At movie theaters, summer always starts early and with the promise of outsized action, outlandish laughs and maybe even a serious drama or two.
But the blockbuster potential seems supersized for 2011, which may well go down as one of the biggest summers in cinematic
“The Boy Who Lived” will face off for the last time against the forces of evil in “Harry Potter and the Deathly Hallows: Part 2”; Captain Jack Sparrow will sail and stumble again in “Pirates of the Caribbean: On Stranger Tides”; the wildly popular animated adventures “Cars” and “Kung Fu Panda” both will set out on the sequel path; and superheroes with a variety of powers and potential will vie for the chance to win moviegoers' hearts and cash on the way to defeating evil.
If that weren't enough action for any one season, Michael Bay's third big-screen, big-robots adventure “Transformers: Dark of the Moon” will bring more bangs than a hundred fireworks displays to the Fourth of July holiday. But the three-quel also comes with promises from Bay and the cast to bring more humanity to the franchise than did 2009's “Transformers: Revenge of the Fallen,” which did boffo box office despite a story critics felt was less than meets the eye.
Bay “was very mindful in this third one to make sure that it was really clear and concise and more human,” star Josh Duhamel said in a recent phone
Duhamel returns for the third time as Lt. Col. William Lennox in “Dark of the Moon.”
As we lay out the action-packed options for this cinematic summer, remember that studios love to shift release dates, so double-check local listings before heading to the theater.
Marvel Studios throws down the hammer with “Thor,” director Kenneth Branagh's adaptation of the well-loved comic inspired by Norse mythology. Thor (Chris Hemsworth), the oft-arrogant son of Odin (Anthony Hopkins), is cast from Asgard to Earth to learn humility. Natalie Portman co-stars as love interest Jane Foster; Tom Hiddleston is the god of mischief, Loki, Thor's half-brother.
Ginnifer Goodwin, Kate Hudson, John Krasinski and Colin Egglesfield provide the traditional start-of-summer blockbuster-counterprogramming in the romantic comedy “Something Borrowed.”
In “Jumping the Broom,” an engaged couple (Paula Patton and Laz Alonso) bring their divergent families to Martha's Vineyard for their wedding, promising plenty of culture-clash drama.
The zombie apocalypse reaches Berlin in the low-budget German horror film “Rammbock.”
Actor Ryan Merriman, a Choctaw native, stars as Jon Abbate, a Wake Forest University football player who led his team to its most successful season in school history after the death of his teenage brother in the fact-based inspirational sports drama “The 5th Quarter.” Merriman will attend select screenings and sign autographs May 13-15 at AMC Quail Springs 24, 2501 W Memorial Blvd.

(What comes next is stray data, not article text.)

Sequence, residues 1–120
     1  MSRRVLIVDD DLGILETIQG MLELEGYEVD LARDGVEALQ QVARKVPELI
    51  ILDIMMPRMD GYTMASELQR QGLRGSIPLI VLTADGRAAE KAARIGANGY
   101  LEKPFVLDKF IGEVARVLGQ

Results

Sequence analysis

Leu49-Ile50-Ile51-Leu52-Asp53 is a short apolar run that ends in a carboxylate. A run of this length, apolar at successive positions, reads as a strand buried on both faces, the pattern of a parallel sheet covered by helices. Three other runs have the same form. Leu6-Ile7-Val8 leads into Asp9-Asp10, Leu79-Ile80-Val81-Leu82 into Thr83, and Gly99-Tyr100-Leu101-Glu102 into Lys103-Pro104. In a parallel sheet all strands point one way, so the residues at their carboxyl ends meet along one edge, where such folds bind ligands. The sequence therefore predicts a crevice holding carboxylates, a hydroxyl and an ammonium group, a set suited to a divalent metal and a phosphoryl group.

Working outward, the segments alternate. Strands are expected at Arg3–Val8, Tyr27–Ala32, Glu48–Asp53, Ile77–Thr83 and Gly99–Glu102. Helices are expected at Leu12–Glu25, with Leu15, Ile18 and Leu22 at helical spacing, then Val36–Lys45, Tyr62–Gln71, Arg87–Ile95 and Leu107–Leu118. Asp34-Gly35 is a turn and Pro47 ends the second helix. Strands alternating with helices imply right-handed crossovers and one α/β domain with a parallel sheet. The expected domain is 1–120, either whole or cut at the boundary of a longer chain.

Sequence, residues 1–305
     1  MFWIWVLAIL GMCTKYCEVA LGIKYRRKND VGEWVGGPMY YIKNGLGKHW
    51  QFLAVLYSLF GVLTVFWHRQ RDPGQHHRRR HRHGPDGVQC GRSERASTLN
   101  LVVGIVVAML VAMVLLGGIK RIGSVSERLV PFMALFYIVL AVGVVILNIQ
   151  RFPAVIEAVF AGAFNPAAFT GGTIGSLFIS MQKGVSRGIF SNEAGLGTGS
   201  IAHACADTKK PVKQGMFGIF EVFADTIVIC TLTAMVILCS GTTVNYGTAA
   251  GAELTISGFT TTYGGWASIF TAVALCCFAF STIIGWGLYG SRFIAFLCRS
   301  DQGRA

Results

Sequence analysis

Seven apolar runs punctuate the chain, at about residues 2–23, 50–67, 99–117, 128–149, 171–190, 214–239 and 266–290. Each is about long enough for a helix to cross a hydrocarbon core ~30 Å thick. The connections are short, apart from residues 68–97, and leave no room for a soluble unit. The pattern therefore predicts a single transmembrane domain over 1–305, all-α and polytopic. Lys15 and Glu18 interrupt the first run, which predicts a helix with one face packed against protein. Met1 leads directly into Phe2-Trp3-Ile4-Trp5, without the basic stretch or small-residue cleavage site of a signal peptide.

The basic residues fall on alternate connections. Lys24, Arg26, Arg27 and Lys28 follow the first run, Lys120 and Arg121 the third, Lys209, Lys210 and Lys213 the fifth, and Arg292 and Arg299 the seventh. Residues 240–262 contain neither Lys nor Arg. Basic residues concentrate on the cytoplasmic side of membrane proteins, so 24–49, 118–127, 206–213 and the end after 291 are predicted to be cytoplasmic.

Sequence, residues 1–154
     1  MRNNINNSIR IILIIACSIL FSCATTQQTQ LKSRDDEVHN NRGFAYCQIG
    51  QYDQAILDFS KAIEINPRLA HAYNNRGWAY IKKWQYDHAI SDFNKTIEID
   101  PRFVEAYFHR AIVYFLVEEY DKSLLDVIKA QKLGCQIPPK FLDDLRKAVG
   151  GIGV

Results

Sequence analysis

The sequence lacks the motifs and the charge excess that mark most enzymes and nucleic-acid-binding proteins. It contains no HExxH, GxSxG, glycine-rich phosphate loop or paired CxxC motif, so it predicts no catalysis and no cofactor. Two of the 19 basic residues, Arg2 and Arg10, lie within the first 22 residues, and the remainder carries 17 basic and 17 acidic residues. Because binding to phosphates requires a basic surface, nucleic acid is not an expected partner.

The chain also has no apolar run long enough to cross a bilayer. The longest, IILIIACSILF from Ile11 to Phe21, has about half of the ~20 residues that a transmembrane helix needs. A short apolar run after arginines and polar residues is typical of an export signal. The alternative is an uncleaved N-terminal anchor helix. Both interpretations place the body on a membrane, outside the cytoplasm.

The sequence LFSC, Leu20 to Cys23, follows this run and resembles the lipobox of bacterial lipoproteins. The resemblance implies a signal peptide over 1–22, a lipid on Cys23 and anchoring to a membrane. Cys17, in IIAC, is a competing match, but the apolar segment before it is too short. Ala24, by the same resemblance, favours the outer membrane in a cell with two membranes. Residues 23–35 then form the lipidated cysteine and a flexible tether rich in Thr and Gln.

Producer Judd Apatow mines matrimonial pomp and circumstance for laughs with “Bridesmaids,” starring “Saturday Night Live” standouts Maya Rudolph as a bride-to-be and Kristen Wiig as her cash-strapped and lovelorn maid of honor leading a ragtag group of attendants (Rose Byrne, Melissa McCarthy, Wendi McLendon-Covey and Ellie Kemper) through all manner of wedding-related wackiness.
With vampires still white-hot (you know, for coldhearted bloodsuckers), Paul Bettany plays a cleric who defies church law to track down the undead baddies who kidnapped his niece in “Priest.”
Set in a Dutch village occupied by the Nazis near the end of World War II, “Winter in Wartime” follows a rebellious teenager (Martijn Lakemeier) who gets involved with the Resistance when he aids a British pilot (Jamie Campbell Bower) who has crashed in the nearby woods.
Johnny Depp's flamboyant Captain Jack Sparrow and Geoffrey Rush's formidable Barbossa sail into a fourth high-seas adventure in “Pirates of the Caribbean: On Stranger Tides,” but this time, Will Turner and Elizabeth Swann (Orlando Bloom and Keira Knightley) aren't swashing buckles alongside them. Rather, Penelope Cruz and Ian McShane try out the pirate's life with an expedition to find the fabled Fountain of Youth.
Set in a small Texas town in the early 1980s, the coming-of-age tale “Skate
No lessons were learned in the making of this movie: Todd Phillips' “The Hangover Part II” centers on Stu (Ed Helms) getting married in Thailand, which seems like a perfect place for things to go completely awry for Zach Galifianakis, Bradley Cooper and Justin Bartha. Nick Cassavetes becomes the most unlikely third choice in recent cameo history in the bit part of an expatriate tattoo artist that was originally meant for Mel Gibson and then for Liam Neeson.
Prepare for paws of fury when “Kung Fu Panda 2” kicks down the doors of the cineplex. Joining Jack Black, Seth Rogen, Angelina Jolie and others from the 2008 original are Gary Oldman as the dastardly and particularly pale peacock Lord Shen, Victor Garber as Master Thundering Rhino and Jean-Claude Van Damme as Master Croc.
Embattled actor Mel Gibson returns to the big screen opposite Oscar-winning actress Jodie Foster in the drama “The Beaver,” playing a troubled husband and executive who makes a beaver hand-puppet his sole means of communication. Foster also directs this oddball
Flamboyant documentarian Morgan Spurlock (“Super Size Me”) takes on branding, advertising and product placement with his latest project, “Pom Wonderful Presents: The Greatest Movie Ever Sold.”
For “X-Men: First Class,” director Matthew Vaughn (“Kick-Ass”) takes the long-running comic saga back in time to the early days of Professor X (James McAvoy) and Magneto (Michael Fassbender) and schools the first class of X-Men.